The internet has provided children with new and innovative ways to learn, develop their skills, communicate efficiently interact socially and entertain themselves. According to a UNICEF estimate by Livingstone, Carr, and Byrne 2015, one third of internet users globally are children, with the proportion of internet users likely to be higher in lower income countries where the internet is rapidly penetrating all spheres of public life. The proliferation of internet access points, mobile technology and the exponential growth of internet-enabled devices combined with the vast resources to be found in cyberspace –provide unparalleled opportunities for children and young people to communicate, connect, share, learn, access information and express their opinions on matters that affect their lives and their communities.
As confirmed by a national study on child online practices in Ghana through a report commissioned by UNICEF in collaboration with the Government of Ghana, nearly 70% of children use the internet for learning and yet too little is done to protect them. The impact of the internet on the lives of children is a significant concern globally, both in terms of opportunities it provides as well as its potential to put children at risk. Children are more vulnerable in the cyberspace. The dangers confronting them include online abuse in all its forms; cyber bullying, child pornography, sexual exploitation, cyber stalking, access to inappropriate content, gambling for children and a network for child-sex tourism and trafficking and overuse of the internet. This is corroborated by evidence from the children’s online practices research as indicated below.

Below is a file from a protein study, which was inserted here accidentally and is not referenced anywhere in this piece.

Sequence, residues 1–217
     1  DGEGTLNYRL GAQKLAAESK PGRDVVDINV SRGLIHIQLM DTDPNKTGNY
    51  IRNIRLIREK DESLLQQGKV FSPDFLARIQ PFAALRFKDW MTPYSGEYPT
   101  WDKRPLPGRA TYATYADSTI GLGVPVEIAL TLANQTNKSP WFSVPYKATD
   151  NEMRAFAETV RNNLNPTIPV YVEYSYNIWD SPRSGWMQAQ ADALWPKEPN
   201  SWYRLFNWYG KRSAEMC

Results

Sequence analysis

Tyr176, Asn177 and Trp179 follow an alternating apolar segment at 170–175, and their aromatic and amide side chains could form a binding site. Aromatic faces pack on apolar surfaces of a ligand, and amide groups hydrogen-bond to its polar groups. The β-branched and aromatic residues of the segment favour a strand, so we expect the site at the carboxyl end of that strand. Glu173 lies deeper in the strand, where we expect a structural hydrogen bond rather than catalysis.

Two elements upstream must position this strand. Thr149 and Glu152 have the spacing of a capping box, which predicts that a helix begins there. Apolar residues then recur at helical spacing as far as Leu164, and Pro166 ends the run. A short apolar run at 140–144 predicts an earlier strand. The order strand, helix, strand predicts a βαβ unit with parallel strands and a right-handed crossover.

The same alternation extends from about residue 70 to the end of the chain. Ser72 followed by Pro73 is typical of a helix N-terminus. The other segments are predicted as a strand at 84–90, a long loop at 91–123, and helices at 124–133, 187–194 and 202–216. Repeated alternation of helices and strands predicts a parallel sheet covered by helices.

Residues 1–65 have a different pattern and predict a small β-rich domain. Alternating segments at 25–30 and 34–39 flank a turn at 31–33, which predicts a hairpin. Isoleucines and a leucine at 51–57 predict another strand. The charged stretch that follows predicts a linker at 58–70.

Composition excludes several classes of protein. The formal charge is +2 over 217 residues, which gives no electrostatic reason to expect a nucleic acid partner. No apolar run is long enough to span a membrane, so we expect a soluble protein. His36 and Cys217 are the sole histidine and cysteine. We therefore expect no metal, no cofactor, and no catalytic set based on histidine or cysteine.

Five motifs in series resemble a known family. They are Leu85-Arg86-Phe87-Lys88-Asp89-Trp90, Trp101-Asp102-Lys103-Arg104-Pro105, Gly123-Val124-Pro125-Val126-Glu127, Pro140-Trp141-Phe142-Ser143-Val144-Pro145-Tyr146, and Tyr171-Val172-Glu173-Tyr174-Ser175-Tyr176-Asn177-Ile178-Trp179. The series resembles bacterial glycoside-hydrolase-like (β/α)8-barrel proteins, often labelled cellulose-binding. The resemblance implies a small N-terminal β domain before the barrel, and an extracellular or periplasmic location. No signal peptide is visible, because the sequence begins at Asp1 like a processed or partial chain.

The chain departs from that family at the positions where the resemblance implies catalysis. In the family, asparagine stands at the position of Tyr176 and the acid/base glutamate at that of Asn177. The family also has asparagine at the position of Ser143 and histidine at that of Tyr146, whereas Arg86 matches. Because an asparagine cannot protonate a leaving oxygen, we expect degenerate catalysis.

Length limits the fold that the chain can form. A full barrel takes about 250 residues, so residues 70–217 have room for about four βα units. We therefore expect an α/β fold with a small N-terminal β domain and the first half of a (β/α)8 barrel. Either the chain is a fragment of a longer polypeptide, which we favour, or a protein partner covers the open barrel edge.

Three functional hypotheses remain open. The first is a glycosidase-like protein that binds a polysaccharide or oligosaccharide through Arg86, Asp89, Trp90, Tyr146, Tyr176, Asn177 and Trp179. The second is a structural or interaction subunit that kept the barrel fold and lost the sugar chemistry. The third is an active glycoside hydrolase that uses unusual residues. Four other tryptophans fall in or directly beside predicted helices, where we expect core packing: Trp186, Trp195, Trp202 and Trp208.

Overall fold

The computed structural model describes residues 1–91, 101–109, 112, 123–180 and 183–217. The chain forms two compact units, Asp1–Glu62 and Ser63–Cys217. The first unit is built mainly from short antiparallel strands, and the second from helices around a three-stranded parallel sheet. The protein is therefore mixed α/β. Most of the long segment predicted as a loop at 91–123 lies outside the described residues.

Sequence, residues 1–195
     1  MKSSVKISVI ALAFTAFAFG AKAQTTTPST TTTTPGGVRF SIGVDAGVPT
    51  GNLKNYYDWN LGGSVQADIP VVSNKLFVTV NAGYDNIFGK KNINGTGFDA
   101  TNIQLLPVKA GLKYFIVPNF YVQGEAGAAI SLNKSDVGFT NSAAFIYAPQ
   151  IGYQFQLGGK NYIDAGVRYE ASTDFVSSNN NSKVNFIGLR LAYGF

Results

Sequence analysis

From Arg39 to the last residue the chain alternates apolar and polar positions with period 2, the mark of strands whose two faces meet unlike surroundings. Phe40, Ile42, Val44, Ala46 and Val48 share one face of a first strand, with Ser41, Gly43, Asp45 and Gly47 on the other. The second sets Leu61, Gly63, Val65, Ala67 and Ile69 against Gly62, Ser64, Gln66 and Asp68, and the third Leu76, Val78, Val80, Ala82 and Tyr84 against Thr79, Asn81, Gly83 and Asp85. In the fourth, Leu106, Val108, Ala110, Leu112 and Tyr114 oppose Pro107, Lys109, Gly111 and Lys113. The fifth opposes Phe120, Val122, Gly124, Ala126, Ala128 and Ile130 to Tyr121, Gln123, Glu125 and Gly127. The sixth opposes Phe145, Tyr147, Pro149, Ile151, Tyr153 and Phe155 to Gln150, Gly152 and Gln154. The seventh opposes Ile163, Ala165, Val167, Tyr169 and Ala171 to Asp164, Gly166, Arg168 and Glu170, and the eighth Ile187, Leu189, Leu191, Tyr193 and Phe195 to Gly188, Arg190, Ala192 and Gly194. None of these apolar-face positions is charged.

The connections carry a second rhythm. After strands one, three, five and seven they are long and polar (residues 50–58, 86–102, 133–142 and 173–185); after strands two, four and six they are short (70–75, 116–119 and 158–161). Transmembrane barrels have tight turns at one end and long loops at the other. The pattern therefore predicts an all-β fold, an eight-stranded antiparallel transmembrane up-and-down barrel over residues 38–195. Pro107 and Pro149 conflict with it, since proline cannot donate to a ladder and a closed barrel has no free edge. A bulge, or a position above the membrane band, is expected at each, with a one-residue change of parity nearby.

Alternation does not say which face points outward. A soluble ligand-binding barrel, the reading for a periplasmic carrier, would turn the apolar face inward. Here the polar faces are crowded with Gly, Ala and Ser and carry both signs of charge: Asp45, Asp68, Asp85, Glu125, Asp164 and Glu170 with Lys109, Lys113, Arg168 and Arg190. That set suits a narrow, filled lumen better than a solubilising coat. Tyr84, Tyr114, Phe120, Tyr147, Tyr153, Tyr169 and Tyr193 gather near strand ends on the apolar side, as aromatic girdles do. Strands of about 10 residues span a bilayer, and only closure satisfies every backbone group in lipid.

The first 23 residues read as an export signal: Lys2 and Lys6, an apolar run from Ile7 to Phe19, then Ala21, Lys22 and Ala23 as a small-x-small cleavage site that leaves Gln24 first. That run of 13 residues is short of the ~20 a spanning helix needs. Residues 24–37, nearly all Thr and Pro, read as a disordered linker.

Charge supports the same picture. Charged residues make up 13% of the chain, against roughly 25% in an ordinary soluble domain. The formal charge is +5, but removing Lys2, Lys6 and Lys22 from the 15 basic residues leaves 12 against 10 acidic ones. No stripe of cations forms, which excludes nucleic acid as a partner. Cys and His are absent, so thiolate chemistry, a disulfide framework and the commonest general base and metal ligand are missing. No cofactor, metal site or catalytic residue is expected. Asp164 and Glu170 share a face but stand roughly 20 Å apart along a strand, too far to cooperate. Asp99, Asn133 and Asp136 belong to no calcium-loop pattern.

To step up national effort aimed at promoting a Safer Digital Ghana, Children have been identified as one of the key targets for the Safer Digital Ghana national awareness campaign. Consequently, Child Online Protection (COP) is a key component of the campaign. The objective of the COP pillar of the Safer Digital Ghana campaign is to create awareness on basic cybersecurity issues related to children and young people, identify the risks and opportunities associated with use of the internet and promote hygienic and safe cyber practices among children. It is expected that by the end of the campaign in 2024, children in Ghana would have increased knowledge and understanding on basic cybersecurity skills and will be able to use the internet in a safe and responsible manner.